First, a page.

Renewable Energy Credits (RECs), at their core, create an opportunity for anyone to purchase, or make a contribution to, electricity generated from renewable sources whether or not the electricity is generated in their service area or the power grid their home or business is connected to. RECs are also intended to be a source of funding for the construction of renewable energy projects. RECs, when invented, were meant to help lower the cost of renewable energy thus be an encouragement to build more capacity.
Renewable Energy Credits (RECs), at their core, create an opportunity for anyone to purchase, or make a contribution to, electricity generated from renewable sources whether or not the electricity is generated in their service area or the power grid their home or business is connected to.
RECs are also intended to be a source of funding for the construction of renewable energy projects. RECs, when invented, were meant to help lower the cost of renewable energy thus be an encouragement to build more capacity.
RECs have come under criticism as well. RECs are meant to help build new renewable capacity but can also be used to financially support existing renewable power operations. And that is where the rub lies.
If the renewable facility was built before the RECs connected to it were sold, and project financing didnâ€™t rely on the RECs for construction and subsequent operation, then it could be said that RECs werenâ€™t helping to add new renewable capacity: The project didnâ€™t need RECs to be built. RECs for those existing power plants would be an added bonus, not necessarily needed for operations. That rub has turned into a thorn in the side of RECs.
Now, for one wind project that thorn has been removed. Steelcase Inc., a global office furniture company, has become the first REC buyer to sponsor a commercial-scale wind farm by making the first known long-term purchase of all the RECs during a wind farm projectâ€™s financing stage. That is, without the purchase of ALL the renewable energy credits RECs produced by the farm for at least the first five years of its operation, the wind farm might not have been built. Positively put, Steelcase is, in effect, building a wind farm to offset a portion of its energy needs to carbon-free renewable energy.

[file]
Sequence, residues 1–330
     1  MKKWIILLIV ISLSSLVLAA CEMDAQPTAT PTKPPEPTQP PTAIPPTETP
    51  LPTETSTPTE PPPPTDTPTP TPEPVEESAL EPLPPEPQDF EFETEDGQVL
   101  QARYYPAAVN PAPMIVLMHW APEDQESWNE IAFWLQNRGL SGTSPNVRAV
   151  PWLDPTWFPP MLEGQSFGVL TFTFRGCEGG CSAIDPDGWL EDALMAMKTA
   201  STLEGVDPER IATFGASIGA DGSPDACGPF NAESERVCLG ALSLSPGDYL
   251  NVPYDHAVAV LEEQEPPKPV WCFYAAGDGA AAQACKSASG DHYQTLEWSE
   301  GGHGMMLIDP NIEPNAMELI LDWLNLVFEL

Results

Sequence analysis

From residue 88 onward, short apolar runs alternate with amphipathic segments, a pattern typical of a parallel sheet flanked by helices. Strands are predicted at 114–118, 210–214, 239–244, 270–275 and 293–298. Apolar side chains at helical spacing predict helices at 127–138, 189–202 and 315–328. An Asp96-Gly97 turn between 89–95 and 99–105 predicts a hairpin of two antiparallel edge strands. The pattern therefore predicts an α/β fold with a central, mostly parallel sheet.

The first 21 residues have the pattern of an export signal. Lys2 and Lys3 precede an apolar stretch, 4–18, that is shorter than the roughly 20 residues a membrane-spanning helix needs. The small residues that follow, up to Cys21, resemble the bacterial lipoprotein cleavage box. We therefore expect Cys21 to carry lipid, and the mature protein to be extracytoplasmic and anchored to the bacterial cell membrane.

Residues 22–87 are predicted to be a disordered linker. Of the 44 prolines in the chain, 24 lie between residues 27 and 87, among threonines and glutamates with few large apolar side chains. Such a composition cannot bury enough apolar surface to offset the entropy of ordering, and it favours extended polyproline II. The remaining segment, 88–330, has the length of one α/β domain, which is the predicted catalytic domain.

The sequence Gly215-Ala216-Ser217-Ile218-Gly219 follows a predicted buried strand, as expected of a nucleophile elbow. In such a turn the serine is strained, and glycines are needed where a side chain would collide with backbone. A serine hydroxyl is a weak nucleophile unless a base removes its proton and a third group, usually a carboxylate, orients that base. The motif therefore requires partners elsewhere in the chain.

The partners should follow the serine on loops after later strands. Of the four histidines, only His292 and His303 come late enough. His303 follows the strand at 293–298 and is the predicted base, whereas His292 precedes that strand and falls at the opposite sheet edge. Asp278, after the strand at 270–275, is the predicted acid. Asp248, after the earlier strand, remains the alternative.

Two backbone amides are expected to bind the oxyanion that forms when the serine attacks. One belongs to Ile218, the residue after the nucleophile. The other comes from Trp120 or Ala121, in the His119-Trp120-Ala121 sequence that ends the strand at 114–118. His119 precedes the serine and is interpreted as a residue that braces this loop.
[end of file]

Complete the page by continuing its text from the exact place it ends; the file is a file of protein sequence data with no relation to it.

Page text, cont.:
The power expected to be generated by the wind farm on an annual basis represents approximately 20 percent of the power Steelcase facilities require in the US, and equals more than three times the energy necessary to fully power the Steelcase global headquarters building in Grand Rapids, Michigan.
Since the 10-megawatt wind farm might not have been possible without the REC commitment from the company, Steelcase gets to name the project. It will be the â€œWege Wind Energy Farmâ€ in honor of Peter Wege, a Michigan environmentalist, Steelcase founding family member and former board member.
The Wege Wind Energy Farm is being developed by a landowner in Panhandle, Texas and John Deere Renewables, the wind-energy development unit of Deere & Co., better known for tractors and lawn and garden equipment. The eight turbine project will begin operations on or about May 1, 2008. The wind farm is expected to generate 35,000,000 kilowatt hours of electricity each year -- enough to power 2,925 homes.
If there is a major problem with the RECs, also known as Green Tags, Renewable Energy Credits, or Tradable Renewable Certificates (TRCs), itâ€™s that the market for them is still small and not concentrated on particular projects to make them noticeable in the eyes of the electricity ratepayers, the business world and the public as a whole. Steelcaseâ€™s effort concentrates RECs to build one wind farm. Other companies seeking to lessen their carbon footprint in a notable and noticeable way should follow Steelcaseâ€™s example: Build a project with their name on it. Imagine if Ford or GM built a wind farm? That would be headline news.
Renewable Choice Energy put together the REC deal that made Wege possible. â€œBy making an early and long-term commitment to this project, Steelcase has pioneered a new way to reduce our nationâ€™s reliance on fossil fuels,â€ said Ted Rose, vice president of business development for Renewable Choice Energy. â€œIt demonstrates how companies can leverage their environmental commitments to affect a massive change by directly participating in the realization of one project.â€
Renewable Choice Energy, of Boulder, Colorado, is full-service provider of renewable energy and carbon offsets. Clients include Whole Foods Market, Vail Resorts, hundreds of businesses and organizations, and thousands of individuals across the country.
Through John Deere Wind Energy, John Deere Renewables provides long-term debt and equity investment, comprehensive project development services, wind turbine supply and operations management for wind energy projects in the US and Canada. John Deere Wind Energy currently has more than 27 wind farms in operation or under construction in six states.
Steelcase, of Grand Rapids, Michigan and founded in 1912, designs and manufactures furniture and technology products.
Renewable Choice Energy
John Deere Wind Energy